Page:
Could your beach be the next World Surfing Reserve?

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Environment News

Save The Waves Coalition Call for WSR applications

Surfersvillage Global Surf News, 1 July, 2016 – After a successful run of breaks being added to the growing list of World Surfing Reserves, Save The Waves Coalition has put out the call to find the next World Surfing Reserve.

Applications will be judged on how well they score on each of the four main World Surfing Reserve criteria: Wave Quality and Consistency; Environmental Characteristics; Culture and Surf History; Capacity and Local Support.

World Surfing Reserves proactively identifies, designates and preserves outstanding waves, surf zones and surrounding environments around the world. Save The Waves Coalition, along with key partners National Surfing Reserves (NSR) Australia and the International Surfing Association (ISA), launched World Surfing Reserves in 2009.

The program serves as a global model for preserving wave breaks and their surrounding areas by recognizing and protecting the key environmental, cultural, economic and community attributes of surfing areas.  Watch the video on the recent dedication at Australia’s Gold Coast summarizing the value WSRs bring to coastal communities.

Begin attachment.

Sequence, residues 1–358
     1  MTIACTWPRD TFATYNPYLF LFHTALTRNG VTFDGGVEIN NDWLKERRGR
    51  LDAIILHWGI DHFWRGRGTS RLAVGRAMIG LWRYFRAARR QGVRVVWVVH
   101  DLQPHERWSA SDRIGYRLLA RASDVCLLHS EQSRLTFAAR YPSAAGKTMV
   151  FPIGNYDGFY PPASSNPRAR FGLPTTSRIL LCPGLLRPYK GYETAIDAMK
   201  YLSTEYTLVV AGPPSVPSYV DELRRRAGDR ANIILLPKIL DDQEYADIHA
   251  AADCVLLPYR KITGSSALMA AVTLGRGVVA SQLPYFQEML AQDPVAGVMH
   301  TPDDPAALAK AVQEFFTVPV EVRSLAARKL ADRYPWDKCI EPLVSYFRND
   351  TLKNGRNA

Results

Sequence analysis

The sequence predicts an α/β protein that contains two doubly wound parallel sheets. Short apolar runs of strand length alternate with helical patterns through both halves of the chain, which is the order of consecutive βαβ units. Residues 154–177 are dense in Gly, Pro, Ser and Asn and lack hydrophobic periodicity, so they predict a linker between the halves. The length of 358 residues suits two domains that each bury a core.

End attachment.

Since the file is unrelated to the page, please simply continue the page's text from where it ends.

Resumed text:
The WSR Vision Council will meet in October to select the newest World Surfing Reserve joining the ranks of the other eight World Surfing Reserves around the world including Malibu, California; Ericiera, Portugal; Manly Freshwater Beach, Australia; Santa Cruz, California; Huanchaco, Peru; Bahia de Todos Santos, Baja California, Mexico; Punta de Lobos, Chile; and Gold Coast, Australia. Watch the video for a glimpse into the WSR Vision Council’s approval process.

World Surfing Reserves play an important role in supporting local community efforts to preserve their waves and coastal resources.  With Save The Waves support, each World Surfing Reserve develops a Local Stewardship Plan to help identify the key coastal issues and outline strategies for permanent and legal protection of their coastline.

Most recently the World Surfing Reserve program has been focused on a diverse array of conservation strategies in program locations including obtaining federal protection along Huanchaco, Peru’s WSR, advocating for the first state park in Baja California, improving water quality at Cowell’s Beach in Santa Cruz, and establishing a land-trust conservation model at Punta de Lobos, Chile.

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